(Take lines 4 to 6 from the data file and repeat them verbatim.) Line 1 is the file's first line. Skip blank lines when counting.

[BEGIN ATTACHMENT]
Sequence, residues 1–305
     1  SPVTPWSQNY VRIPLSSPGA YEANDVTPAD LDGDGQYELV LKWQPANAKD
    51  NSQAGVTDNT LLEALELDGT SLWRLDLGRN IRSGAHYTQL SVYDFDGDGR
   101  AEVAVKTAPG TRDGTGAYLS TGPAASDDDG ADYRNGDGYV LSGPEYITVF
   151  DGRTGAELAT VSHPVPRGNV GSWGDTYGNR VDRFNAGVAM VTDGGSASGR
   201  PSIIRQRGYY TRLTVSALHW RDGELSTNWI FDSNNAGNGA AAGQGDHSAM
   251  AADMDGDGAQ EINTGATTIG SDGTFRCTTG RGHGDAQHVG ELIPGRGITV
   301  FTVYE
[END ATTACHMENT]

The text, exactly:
   101  AEVAVKTAPG TRDGTGAYLS TGPAASDDDG ADYRNGDGYV LSGPEYITVF
   151  DGRTGAELAT VSHPVPRGNV GSWGDTYGNR VDRFNAGVAM VTDGGSASGR
   201  PSIIRQRGYY TRLTVSALHW RDGELSTNWI FDSNNAGNGA AAGQGDHSAM